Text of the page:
I like to play with light effects. Without lights the game would loose a lot of the feeling and ambience.
The final light system is quite silly but effective. First of all in the WebGL-shader I'm using a trick that will make everything in the distance fade out to dark. This gives the illusion of the player has a torch.
gl_Position=perspectivematrix * modelViewMatrix * vertexPosition;zDist=gl_Position.z/27.0; // A lower value the closer the darkness starts
vec4 color=vec4(col.rgb-zDist,col.a) // Substract the distance from the color
But that wasn't enough. I wanted to have light sources and remember some techniques I read about long time ago that I have tested in OpenGL many years ago. It's very silly and very inefficient but for a level this small it works great. It's static lightning so it built once but could be changed in runtime and rebuilt but I never used that.
The basic idea is like this:
A separate arraymap with light values are created using the same grid system as the level. The array is filled with the value for darkness. Then the light building process will start by looping over all tiles in the level. Each tile will check if any neighbour tiles has a brighter light then what it currently has. One the first run of the loop all tiles are dark apart from the light sources which gets the full brightness value added into the light arraymap.
Now when the loop enters the second time it will loop trough all tiles again checking neighbour tiles for the brightness. The ones closest to the light source will detect a neighbour tile being brighter. It will pick the brightest one and reduce the value with a small falloff value. If the tile is a wall it will set darkness to stop the light from spreading trough the wall. The loop will do this for all tiles in the level and will continue looping until not a single tile reports the light has changed. It sounds like this will take a long time but in fact it's done in just a few milliseconds.
Now when we are building the wall, floor and roof mesh each side will query the lightarray for the light value in the direction the mesh is pointing. So for example a left wall would get a light but the right wall would get darkness since lights doesn't shine trough the wall.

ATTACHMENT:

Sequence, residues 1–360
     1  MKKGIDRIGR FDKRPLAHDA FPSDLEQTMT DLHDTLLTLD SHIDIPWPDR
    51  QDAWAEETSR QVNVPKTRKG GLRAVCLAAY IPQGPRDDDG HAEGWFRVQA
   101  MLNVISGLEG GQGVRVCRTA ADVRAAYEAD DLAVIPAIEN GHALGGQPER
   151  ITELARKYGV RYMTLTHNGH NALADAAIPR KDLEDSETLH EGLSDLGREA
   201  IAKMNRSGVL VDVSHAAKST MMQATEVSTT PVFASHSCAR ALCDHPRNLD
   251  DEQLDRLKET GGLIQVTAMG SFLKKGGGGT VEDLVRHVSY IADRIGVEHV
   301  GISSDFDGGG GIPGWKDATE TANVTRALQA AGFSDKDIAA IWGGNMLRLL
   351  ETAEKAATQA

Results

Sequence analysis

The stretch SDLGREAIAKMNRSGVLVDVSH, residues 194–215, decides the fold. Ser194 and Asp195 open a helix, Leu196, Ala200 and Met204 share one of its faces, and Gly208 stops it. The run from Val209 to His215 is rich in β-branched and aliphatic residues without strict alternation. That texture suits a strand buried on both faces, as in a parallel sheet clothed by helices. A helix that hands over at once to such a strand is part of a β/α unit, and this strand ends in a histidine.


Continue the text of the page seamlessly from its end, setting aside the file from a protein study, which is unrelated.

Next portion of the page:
Finally in the shader I'm adding this light value to the final color.
varying vec4 li;//Light of the vertex vec4 color=vec4(col.rgb-zDist,col.a)+(col.rgba*(li*1.2));
This simple system will create good enough lights for a 13k game and without lights the game would have lost a lot of the feeling.
But I was still not happy with how it looked. I had fade in the distance and I had light sources but looking at the game I have taken inspiration from (Delver) they had fog in the distance and I know fog is quite easy to create in OpenGL and turns out it's off course the same in WebGL. Just a few lines of code in the fragment shader and we are done. I have used the technique described at this page: https://www.geeks3d.com/20100228/fog-in-glsl-webgl/
float z=gl_FragCoord.z/gl_FragCoord.w; float fogFactor=exp2(-0.15*0.15*z*z*1.4); fogFactor=clamp(fogFactor,0.0,1.0); gl_FragColor=mix(vec4(0.05,0.05,0.15,1),c,fogFactor);
The last vec4 (0.05,0.05,0.15,1) is the color of the fog in the distance and it's mixing this together with the final vertex color (c).
The complete code of the shader can be seen here: https://github.com/nicklaslof/searching/blob/3ff998be2c9ff7b0c8875e8c6eca4e82984c2607/src/game.js#L23
The code that generates the lights can be seen here: https://github.com/nicklaslof/searching/blob/3ff998be2c9ff7b0c8875e8c6eca4e82984c2607/src/level/level.js#L131
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